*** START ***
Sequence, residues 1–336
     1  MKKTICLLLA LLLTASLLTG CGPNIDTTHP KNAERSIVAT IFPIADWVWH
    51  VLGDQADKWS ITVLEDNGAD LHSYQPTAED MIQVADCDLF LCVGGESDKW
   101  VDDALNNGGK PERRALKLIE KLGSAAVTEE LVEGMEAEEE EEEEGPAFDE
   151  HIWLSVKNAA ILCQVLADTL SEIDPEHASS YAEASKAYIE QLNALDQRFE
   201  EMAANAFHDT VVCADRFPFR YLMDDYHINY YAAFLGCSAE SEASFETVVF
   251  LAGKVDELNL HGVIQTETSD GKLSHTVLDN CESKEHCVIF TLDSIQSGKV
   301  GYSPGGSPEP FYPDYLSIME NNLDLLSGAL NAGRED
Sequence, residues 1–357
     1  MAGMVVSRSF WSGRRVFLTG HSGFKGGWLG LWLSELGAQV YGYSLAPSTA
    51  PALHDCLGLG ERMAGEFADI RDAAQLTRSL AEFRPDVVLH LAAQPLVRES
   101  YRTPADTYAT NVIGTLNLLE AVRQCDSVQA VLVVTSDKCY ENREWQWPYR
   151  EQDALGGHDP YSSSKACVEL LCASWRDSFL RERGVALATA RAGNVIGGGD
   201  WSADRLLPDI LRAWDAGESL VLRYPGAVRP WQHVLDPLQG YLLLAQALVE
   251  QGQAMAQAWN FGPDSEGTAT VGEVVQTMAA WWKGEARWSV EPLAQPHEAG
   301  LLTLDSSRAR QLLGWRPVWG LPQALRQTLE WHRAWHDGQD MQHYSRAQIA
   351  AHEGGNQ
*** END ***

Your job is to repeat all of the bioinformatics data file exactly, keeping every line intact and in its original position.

Sequence, residues 1–336
     1  MKKTICLLLA LLLTASLLTG CGPNIDTTHP KNAERSIVAT IFPIADWVWH
    51  VLGDQADKWS ITVLEDNGAD LHSYQPTAED MIQVADCDLF LCVGGESDKW
   101  VDDALNNGGK PERRALKLIE KLGSAAVTEE LVEGMEAEEE EEEEGPAFDE
   151  HIWLSVKNAA ILCQVLADTL SEIDPEHASS YAEASKAYIE QLNALDQRFE
   201  EMAANAFHDT VVCADRFPFR YLMDDYHINY YAAFLGCSAE SEASFETVVF
   251  LAGKVDELNL HGVIQTETSD GKLSHTVLDN CESKEHCVIF TLDSIQSGKV
   301  GYSPGGSPEP FYPDYLSIME NNLDLLSGAL NAGRED
Sequence, residues 1–357
     1  MAGMVVSRSF WSGRRVFLTG HSGFKGGWLG LWLSELGAQV YGYSLAPSTA
    51  PALHDCLGLG ERMAGEFADI RDAAQLTRSL AEFRPDVVLH LAAQPLVRES
   101  YRTPADTYAT NVIGTLNLLE AVRQCDSVQA VLVVTSDKCY ENREWQWPYR
   151  EQDALGGHDP YSSSKACVEL LCASWRDSFL RERGVALATA RAGNVIGGGD
   201  WSADRLLPDI LRAWDAGESL VLRYPGAVRP WQHVLDPLQG YLLLAQALVE
   251  QGQAMAQAWN FGPDSEGTAT VGEVVQTMAA WWKGEARWSV EPLAQPHEAG
   301  LLTLDSSRAR QLLGWRPVWG LPQALRQTLE WHRAWHDGQD MQHYSRAQIA
   351  AHEGGNQ